It’s been almost ten years since I started contributing to open source projects. One of the big ways I’ve contributed in the past is writing user help . Not knowing how to code then (and still really don’t know now, as hard as I try to learn Python), writing is something I enjoy and an area where I think I can make a difference.
There are a number of different places to apply a writing skill in open source.
I have been considering switching back to GNOME full-time and finally pulled the trigger last week and did, installing Fedora 25 on both my iMac and MacBook Pro . I installed GNOME on my iMac a couple months ago, but didn’t do the installation correctly and screwed up my MBR, resulting in only GNOME being an option. I’ve fixed that this time and have kept dual boot (for just in case and for iTunes on my iPhone and iPad).
I’ve been a supporter of the Electronic Frontier Foundation since 2004. Their work on privacy, free expression and technology are all things I am passionate about. For the last year or so, I have become more concerned with privacy issues in technology. The rise in big data and how everything is tracking everything we do has given me significant concerns. I’ve been giving a lot of thought to which ecosystems I want to stay in.
As I attempt to learn Python, I’m fascinated by how people are able to do this as well as how they started to learn to program.
I’m not the only one, as Ryan Gordon (aka Icculus ), a well known game developer who ports many games to Linux and Mac, asked a similar question on Twitter last month.
Everyone tell me “how I got started programming” stories, please! I love them.
GNOME 3 is out! I started to writing a thank you listing out individuals but it became way too long and I was afraid I’d forget somebody. So let me just say thank you to every developer, translator, documentation writers, marketers and everyone else who’s contributed to GNOME.
Download and try it , check out the videos , the new website and Planet , the new GNOME Journal all about GNOME 3 , and let us know what you think.
For those of us without a disability, understanding the challenge users may experience when trying to use a computer can be a foreign concept. (Or at least it is for me.)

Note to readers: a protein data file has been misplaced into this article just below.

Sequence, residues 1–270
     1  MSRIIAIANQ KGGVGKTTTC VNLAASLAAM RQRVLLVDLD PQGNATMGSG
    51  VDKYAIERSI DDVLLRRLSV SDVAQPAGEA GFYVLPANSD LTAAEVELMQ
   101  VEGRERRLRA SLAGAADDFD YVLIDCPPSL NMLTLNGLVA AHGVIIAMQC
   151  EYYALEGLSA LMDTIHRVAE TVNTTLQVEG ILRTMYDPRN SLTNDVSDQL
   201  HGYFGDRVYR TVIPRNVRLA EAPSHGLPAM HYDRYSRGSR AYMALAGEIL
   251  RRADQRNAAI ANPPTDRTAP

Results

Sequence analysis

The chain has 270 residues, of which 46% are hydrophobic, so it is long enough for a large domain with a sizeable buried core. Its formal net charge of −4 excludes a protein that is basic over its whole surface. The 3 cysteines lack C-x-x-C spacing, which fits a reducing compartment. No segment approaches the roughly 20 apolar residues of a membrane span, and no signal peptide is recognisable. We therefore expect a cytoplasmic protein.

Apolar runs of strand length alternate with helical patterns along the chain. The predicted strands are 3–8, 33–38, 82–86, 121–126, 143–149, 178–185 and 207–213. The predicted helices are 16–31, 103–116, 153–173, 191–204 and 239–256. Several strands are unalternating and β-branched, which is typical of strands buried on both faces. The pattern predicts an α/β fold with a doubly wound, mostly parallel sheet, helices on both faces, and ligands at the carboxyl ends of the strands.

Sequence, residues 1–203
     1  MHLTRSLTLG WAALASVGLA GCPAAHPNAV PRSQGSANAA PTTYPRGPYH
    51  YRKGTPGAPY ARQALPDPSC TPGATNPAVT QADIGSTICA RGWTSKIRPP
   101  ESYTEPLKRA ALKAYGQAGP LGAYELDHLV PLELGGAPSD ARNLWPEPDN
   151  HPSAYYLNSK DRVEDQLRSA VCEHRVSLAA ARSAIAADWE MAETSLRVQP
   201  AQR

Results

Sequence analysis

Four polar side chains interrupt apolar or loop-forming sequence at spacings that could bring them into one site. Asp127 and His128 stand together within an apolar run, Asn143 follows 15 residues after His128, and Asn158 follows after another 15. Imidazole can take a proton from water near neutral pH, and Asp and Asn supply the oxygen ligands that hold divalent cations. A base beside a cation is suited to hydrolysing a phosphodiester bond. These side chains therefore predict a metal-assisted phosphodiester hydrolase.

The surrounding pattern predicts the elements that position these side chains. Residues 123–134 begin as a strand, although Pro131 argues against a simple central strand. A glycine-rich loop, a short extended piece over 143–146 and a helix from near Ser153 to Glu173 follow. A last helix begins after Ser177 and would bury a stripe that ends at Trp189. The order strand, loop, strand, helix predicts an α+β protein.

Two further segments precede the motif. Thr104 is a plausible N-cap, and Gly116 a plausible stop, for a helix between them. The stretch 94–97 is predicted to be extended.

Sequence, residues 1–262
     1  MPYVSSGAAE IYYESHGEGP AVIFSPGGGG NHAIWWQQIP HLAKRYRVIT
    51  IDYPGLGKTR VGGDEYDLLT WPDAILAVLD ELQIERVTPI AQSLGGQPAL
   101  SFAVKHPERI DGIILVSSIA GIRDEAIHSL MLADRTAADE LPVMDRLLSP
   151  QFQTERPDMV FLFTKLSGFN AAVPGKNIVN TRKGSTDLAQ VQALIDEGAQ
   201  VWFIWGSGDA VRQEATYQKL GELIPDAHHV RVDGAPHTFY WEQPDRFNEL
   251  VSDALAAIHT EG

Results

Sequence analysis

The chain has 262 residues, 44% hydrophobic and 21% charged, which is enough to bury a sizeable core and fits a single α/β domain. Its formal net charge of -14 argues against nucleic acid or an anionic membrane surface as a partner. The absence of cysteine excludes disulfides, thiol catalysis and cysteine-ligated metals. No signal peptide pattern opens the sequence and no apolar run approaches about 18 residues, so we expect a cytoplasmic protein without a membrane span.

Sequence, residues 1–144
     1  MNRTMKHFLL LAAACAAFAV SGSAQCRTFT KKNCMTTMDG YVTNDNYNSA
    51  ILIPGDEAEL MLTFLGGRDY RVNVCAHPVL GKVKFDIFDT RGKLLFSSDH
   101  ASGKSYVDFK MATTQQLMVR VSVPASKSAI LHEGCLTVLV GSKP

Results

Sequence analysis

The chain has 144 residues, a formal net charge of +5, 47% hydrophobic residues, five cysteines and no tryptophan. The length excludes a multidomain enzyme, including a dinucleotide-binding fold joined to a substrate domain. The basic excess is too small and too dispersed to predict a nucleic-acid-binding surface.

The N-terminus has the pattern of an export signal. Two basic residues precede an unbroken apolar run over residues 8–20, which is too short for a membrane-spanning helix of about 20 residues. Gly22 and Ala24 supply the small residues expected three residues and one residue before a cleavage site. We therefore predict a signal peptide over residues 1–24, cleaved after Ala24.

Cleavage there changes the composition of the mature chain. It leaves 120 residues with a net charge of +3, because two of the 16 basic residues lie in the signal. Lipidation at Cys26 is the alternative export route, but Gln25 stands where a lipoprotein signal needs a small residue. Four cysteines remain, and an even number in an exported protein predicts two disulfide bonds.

Browsing Reddit, of all places, this weekend I came across this story of a user with ALS who created a patch for Eye of GNOME. The patch contributor’s son added a comment to the bug report ( and a link to a picture ) that is a must read.
( Cross-posted from the GNOME Foundation Blog )
The GNOME T-Shirt Design Contest was supposed to come to a close on January 15th. Due to some technical issues with the submission form, we are extending the contest two weeks through the end of the month. The contest will now close at 11:59 p.m. UTC on January 31st.
There were a few periods where the submission form was broken and your entry may not have been submitted.
Just wanted to say thanks for a couple things:
Thank you to everyone in the GNOME community who helped crowdsource editing of the 2009 Annual Report . I received a lot of comments about lots of little things we missed and I uploaded a new version of the report a week or two ago that hopefully fixes everything. (And thank you for the kind words on the look – Daniel deserves all the credit!
From the better late than never department, the 2009 GNOME Foundation Annual Report has been released .
When Lucas first asked me to help with the annual report a year and a half ago at GUADEC in Gran Canaria, one of the goals was to try and help it come out sooner. Apparently, I had the opposite effect. I have lots of excuses, but none of them good. (Though someone did point out to me that Mozilla just released their 2009 report a few weeks ago, so I felt a bit better.
The GNOME Boston Summit 2010 kicked off a couple hours ago. Dozens of GNOME hackers are at the Tang Center at MIT.
John (J5) Palmieri and Jon McCann helped kick off the Summit.
J5 gave an overview of what the Boston Summit is. It’s different from GUADEC which is many presentations and more formal talks. The Boston Summit is much more informal and run Barcamp style. It gives hackers a chance to hack together and get stuff done.